The police rep couldn’t have said it better, and I paraphrase, “At first we thought this would never work, that you can’t replace a real human police officer when it comes to identifying a suspect in CCTV footage. After the test we’ve absolutely changed our minds. Furthermore, we realised that there are roles where technology can greatly alleviate the work of police officers, and areas where a human officer is absolutely irreplaceable.”

For me these are two examples show what’s happening in our world in terms of fear of technology turning to wondering how we ever did without it. I may be a self-confessed geek who runs head-first towards anything new, throwing caution and common sense to the wind, but there’s not much more to my technological prowess than that. I’ve never taken a training course in technology, I didn’t study computer programming in university. Back in my day (preach, old man) when I was in secondary school, the furthest we got was ‘word processing class’, where we sat and typed out printed texts into Microsoft Word for about 2 hours a week. It was hell, but by God did it teach me to type as fast as a German milkmaid on acid. Yes, I’ve lost you there, let’s move on and pretend that never happened.

The point that I’m very unclearly trying to make it this: Technology should be evaluated for its usefulness throughout the spectrum of human activities, but we must put measures in place to help ease people through the transition without fear leading to being left behind. Language teaching is no exception.

On that same radio show yesterday, a teenager talked about how one of the major changes in her school was that this year students at her school have no paper textbooks anymore. Not one. The state has paid for every single secondary student to have a tablet computer. All school materials are now online. If you’re the reactionary English teacher in one of those schools, clutching your copy of New English File in the supply closet, moistening its decade old pages with your tears, you must be #$%@ing bricking it.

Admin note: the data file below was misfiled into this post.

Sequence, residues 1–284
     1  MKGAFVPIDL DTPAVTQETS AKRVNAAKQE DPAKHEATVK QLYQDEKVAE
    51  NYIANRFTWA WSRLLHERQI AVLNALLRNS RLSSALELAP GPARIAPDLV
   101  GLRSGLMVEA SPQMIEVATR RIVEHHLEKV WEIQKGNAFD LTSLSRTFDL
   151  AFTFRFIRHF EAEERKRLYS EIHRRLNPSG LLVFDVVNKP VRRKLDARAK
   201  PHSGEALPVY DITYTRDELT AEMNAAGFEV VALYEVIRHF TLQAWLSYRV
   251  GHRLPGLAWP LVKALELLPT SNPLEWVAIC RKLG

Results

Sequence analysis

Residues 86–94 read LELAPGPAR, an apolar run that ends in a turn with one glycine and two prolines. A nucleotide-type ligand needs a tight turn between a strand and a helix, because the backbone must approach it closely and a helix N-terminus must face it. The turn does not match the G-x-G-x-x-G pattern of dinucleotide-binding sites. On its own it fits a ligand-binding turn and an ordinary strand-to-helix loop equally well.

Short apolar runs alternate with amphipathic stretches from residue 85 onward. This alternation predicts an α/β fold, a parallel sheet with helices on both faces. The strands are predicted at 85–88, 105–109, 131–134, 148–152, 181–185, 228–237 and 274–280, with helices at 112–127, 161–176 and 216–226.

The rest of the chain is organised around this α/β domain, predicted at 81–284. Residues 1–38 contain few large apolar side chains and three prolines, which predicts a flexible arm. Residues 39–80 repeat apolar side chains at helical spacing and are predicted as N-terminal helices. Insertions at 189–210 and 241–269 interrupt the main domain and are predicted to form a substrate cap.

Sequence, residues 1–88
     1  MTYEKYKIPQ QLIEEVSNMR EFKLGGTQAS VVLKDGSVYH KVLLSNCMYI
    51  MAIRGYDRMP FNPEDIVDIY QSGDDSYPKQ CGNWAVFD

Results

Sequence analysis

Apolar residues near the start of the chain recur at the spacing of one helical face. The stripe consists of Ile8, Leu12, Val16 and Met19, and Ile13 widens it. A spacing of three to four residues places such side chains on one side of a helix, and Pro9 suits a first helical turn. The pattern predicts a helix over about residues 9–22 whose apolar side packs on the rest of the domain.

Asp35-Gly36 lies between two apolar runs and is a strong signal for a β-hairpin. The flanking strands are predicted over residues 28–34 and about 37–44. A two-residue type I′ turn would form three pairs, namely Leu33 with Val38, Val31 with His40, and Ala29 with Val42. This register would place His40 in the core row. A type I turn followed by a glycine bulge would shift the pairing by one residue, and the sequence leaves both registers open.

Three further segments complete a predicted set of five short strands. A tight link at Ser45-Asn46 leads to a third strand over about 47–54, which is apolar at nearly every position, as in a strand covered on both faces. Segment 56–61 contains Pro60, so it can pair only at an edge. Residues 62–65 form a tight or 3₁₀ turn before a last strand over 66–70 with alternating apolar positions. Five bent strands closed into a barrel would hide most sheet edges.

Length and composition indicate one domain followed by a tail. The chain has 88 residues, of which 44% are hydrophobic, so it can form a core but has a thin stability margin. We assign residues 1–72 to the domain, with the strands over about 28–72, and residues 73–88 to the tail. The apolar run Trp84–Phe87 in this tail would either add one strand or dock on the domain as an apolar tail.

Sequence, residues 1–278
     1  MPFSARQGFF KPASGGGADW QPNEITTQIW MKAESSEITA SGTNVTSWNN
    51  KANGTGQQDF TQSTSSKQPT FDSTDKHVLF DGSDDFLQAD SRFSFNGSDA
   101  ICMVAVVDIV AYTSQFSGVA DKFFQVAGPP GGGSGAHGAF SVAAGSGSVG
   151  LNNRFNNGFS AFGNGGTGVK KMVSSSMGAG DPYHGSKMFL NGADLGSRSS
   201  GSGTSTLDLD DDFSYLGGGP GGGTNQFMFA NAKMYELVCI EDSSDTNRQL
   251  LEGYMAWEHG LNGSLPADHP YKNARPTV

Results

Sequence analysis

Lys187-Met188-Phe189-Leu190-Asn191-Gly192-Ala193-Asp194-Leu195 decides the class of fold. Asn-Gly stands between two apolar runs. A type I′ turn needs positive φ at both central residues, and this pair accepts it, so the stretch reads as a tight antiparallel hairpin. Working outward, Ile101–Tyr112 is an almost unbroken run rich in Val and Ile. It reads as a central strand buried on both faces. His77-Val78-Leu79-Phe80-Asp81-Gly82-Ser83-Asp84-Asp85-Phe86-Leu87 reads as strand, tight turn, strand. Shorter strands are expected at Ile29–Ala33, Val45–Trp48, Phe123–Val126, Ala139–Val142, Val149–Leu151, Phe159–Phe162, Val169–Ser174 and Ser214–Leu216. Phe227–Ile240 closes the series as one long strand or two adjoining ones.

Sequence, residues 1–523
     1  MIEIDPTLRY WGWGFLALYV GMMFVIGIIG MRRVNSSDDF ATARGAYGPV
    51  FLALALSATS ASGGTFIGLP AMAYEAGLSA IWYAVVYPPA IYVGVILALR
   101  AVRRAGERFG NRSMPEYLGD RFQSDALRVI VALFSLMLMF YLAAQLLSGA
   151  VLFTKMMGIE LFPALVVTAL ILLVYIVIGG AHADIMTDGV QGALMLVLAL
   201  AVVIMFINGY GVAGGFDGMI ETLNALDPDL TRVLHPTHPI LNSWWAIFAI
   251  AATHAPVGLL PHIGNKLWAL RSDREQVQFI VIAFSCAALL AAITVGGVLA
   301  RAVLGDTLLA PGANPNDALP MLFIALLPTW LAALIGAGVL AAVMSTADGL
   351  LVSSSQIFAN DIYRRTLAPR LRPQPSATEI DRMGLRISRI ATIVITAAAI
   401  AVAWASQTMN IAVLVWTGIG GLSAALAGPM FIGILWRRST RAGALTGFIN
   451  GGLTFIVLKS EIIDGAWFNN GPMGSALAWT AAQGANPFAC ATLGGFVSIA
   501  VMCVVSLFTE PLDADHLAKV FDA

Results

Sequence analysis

This is why I’m writing this article. I’m looking at you, my nervous language teaching colleague, and I hear you. “I’m rubbish at technology, I’ll never be able to keep up with all these gadgets and doodads, what am I going to do?!” I can tell you, right here and now, you’re wrong. You can absolutely and easily catch up and use any technology you want. You just have to be like me – go running towards the technology head first, to hell with the consequences, to hell with people who think you’re ridiculous and mock you with such zingers as “How can she not even know how to type with all her fingers??” The hidden truth of the internet is: You’re not alone.

My job involves teaching freelance language teachers of all ages in France and abroad about how to use new technology in their language teaching. I can tell you from vast experience that a majority of language teachers, regardless of their age, don’t know how to use the same technologies you currently fear are coming to take your job. It actually surprised me how much this ratio of 5:1 – teachers who are comfortable with technology to teachers who are not – doesn’t change much based on age. I’ve met 60-year-olds who are miles more tech-savvy that some of my 20 -year-old teacher trainees.

In reality, there’s only one thing that separates them: Being able to get over the irrational fear of new things and simply go for it, try the technology out, push buttons and break things, make a mess, and slowly learn how the thing ticks.